Posts Tagged ‘Scotland’

Scottish Highland Games in Spokane

Friday, July 12th, 2019

scottish-highland-games

Where else can you find the sound of bagpipes, the smell of highland cows, and the sight of tartan kilts wherever you look but the Scottish Highland Games in Spokane! It is a fun way to dive into the culture, music, clothing, and animals of Scotland. It’s a fascinating field trip for geography class, and you can experience many fun hands-on activities with your kids that can enhance family bonding. When my family first stepped into this Scottish environment, we heard the music of bagpipes and noticed a group of kilted people standing under a tree.

standing-around

Within the first hour of arriving, an event began where a large Scottish marching band of bagpipes stepped in rhythmic time to an interesting anthem that sounded other-worldly. After playing a few songs, the mayor of Spokane spoke on a stage, and people clapped. General merriment filled the air.

scottish-bagpipes

In a different part of the fair grounds, we saw a stage with Highland dancers competing for a prize. Various dancers (all wearing Scottish clothing), sometimes single or in groups, danced and were scored by judges sitting on the sidelines.

scottish-dancers

Scottish animals were penned off from the people. My favorite was the highland cow. It looks like a shaggy-haired beast from a Steven Spielberg movie. I remember back when I visited Scotland, I used to think these beasts were tame, but they are not. They are bulls and can gore you!

highland-cows

We also saw a group of sheep, a shepherd, and a sheep dog. These are highly trained dogs that can herd the sheep and move them around expertly from place to place.

shepherd-dog

Colorful tartan booths lined both sides of a grassy pathway. One of the booths had a really cool leather shield next to a sword. Kids clonked in sword fights nearby with toy swords and shields. The aroma of roasting meat emanated from the food booths as we walked past them.

scottish-shield

On the way out, we saw surprisingly ordinary-looking men throwing large, heavy burlap bags over a pole set high in the air.

scottish-game

Other men tried log throwing or a “caber toss,” which is basically throwing an entire tree trunk across a field! I have no idea how they picked up such a heavy object to hurl, but apparently they work out a lot at the gym before attempting something so phenomenal.

throwing-a-tree-trunk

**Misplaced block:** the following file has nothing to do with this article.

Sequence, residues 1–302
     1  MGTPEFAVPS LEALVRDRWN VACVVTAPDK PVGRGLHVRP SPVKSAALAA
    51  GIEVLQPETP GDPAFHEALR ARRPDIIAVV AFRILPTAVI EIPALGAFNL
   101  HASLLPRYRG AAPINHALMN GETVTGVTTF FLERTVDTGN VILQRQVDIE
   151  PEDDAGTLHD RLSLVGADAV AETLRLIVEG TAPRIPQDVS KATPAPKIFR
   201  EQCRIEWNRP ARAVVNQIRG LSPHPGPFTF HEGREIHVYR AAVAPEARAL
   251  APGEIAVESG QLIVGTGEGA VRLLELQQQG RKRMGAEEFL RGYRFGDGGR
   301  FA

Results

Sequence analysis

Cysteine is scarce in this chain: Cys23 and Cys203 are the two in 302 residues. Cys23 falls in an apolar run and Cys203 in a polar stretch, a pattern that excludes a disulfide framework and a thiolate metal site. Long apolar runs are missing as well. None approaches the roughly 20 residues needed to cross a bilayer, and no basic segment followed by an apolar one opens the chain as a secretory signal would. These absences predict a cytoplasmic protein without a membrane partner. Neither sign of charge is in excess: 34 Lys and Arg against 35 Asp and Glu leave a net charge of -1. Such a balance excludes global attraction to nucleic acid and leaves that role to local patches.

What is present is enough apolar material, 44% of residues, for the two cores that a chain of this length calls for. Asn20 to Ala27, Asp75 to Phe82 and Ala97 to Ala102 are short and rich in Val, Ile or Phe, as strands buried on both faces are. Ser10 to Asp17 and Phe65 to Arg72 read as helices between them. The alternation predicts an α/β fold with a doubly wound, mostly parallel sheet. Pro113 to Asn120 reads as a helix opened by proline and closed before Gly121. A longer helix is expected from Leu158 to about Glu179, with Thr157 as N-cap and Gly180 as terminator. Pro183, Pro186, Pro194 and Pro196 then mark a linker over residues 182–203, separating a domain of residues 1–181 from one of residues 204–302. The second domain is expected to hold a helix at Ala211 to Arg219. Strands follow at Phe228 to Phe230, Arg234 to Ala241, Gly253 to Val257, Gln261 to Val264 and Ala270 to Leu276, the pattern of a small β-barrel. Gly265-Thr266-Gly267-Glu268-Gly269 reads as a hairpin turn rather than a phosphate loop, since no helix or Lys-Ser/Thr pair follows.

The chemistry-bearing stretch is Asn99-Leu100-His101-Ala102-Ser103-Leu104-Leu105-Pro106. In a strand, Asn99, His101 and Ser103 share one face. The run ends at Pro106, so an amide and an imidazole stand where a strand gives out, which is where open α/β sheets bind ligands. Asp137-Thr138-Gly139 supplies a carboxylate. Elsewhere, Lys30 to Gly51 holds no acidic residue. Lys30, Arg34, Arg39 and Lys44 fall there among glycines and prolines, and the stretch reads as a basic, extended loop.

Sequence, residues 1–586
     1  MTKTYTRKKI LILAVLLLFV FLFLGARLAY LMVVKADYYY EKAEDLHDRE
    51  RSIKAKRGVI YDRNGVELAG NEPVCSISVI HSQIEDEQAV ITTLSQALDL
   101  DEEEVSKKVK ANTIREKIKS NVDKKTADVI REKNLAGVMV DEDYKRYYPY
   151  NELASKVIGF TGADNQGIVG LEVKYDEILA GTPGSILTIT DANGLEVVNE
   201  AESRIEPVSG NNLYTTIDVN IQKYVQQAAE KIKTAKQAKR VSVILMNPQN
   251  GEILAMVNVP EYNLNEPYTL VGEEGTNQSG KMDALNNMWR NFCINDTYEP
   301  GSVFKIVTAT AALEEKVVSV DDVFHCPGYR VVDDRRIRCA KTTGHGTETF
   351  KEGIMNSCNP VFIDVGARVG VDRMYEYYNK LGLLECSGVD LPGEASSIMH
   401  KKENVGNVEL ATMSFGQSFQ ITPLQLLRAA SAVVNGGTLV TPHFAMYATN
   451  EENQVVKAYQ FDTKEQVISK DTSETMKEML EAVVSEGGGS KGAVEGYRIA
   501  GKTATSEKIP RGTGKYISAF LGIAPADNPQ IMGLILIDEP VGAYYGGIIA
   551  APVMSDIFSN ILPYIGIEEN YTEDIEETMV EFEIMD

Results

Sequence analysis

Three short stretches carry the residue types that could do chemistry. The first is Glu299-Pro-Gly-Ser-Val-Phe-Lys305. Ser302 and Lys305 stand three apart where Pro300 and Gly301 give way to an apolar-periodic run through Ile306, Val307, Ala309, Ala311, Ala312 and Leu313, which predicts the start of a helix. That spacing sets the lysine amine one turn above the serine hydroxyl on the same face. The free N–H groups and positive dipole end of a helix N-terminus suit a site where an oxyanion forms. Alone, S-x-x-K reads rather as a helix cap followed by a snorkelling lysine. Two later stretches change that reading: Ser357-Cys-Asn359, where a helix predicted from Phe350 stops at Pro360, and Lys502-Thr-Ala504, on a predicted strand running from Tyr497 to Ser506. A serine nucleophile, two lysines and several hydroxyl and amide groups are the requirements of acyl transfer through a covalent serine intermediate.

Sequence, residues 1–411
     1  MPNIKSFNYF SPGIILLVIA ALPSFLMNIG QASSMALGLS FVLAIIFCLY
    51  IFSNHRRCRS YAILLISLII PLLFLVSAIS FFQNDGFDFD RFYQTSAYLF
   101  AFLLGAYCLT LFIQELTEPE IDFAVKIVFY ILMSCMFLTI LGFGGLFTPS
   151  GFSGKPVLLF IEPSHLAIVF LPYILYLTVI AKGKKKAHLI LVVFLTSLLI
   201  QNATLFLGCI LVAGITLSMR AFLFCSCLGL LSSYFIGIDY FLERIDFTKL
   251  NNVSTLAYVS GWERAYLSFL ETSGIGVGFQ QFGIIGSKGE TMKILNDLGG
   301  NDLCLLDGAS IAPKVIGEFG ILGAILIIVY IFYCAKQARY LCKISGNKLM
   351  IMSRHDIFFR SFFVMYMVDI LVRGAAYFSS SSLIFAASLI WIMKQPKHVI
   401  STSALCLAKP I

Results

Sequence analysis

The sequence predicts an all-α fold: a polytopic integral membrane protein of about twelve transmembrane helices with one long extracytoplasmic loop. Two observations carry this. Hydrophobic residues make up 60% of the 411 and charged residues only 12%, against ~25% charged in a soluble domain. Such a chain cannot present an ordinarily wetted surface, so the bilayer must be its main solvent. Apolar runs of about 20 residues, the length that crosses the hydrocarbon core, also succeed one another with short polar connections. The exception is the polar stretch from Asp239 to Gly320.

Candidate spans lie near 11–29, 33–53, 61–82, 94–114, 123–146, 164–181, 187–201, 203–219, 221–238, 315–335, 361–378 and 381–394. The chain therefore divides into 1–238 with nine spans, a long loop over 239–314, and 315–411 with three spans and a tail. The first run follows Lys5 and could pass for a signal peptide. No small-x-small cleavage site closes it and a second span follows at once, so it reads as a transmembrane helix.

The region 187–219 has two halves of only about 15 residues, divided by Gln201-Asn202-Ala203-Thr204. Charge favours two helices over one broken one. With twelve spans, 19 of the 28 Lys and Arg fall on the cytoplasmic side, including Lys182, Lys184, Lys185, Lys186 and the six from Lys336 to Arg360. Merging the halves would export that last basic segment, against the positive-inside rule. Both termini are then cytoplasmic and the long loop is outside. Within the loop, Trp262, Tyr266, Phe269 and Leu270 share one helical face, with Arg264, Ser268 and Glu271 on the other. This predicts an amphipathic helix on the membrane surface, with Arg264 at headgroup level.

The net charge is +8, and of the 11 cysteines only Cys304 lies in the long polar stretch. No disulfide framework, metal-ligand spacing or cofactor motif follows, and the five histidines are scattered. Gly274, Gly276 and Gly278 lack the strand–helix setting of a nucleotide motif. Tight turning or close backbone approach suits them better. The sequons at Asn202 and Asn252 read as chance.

My family thoroughly enjoyed attending the Scottish Highland Games. This year the games take place on August 3rd, 2019 at the Spokane County Fair and Expo Center. If you don’t live in Spokane, Washington, you might want to see if there is an event like this in your area, as they take place in many states. Cultural activities like this are fun for the whole family and give you some time to enjoy each other in a new environment!

Scotland

Thursday, July 1st, 2010

scotlandFat sheep dotted the landscape as I crossed the border from England to Scotland. Shaggy, red-headed highland cows roamed across the green countryside. I remember going up to a highland cow, incredulous that it wasn’t a Steven Spielberg fake animal. Red hair covered his eyes as he looked at me. I hadn’t even realized that it was a bull; the horns should have given it away. As I ran away, I sank into the mud and lost my shoe. Luckily the bull continued to munch lazily on some grass, so I pulled my shoe out of the mud and was glad to get back to the bed and breakfast for a nice cup of tea.scotland-2

Eilean Donan was my favorite refurbished castle. It looked like a stone house from the outside; I would never have called it a castle. It was right by the ocean. The inside of the castle was magical: it had dark wood, armor, grand fireplaces, and tapestries with rich, deep colors. I was transported back to the medieval time period for just a moment.scotland-3

Lock Ness, one of a group of lakes in the middle of Scotland, was an unforgettable place. A castle ruin overlooked the blue, tranquil waters of the lake, unruffled by the Lock Ness monster. Being a dragon lover, I looked around for quite a while on the lake, knowing full well I would never see a sea dragon, but I was determined to give it a chance nonetheless.

Inverness, a town situated on the northernmost part of Scotlanscotland-4d, was a cold, barren land. Mist rolled in over the swampy, boggy water of the ocean. The shore was extensive, and it looked like a forlorn, uninhabited place as I walked barefoot across the cold, dark sand, mist swirling around my feet. I entered a sweater shop and bought a thick, blue sweater, which I still have to this day.

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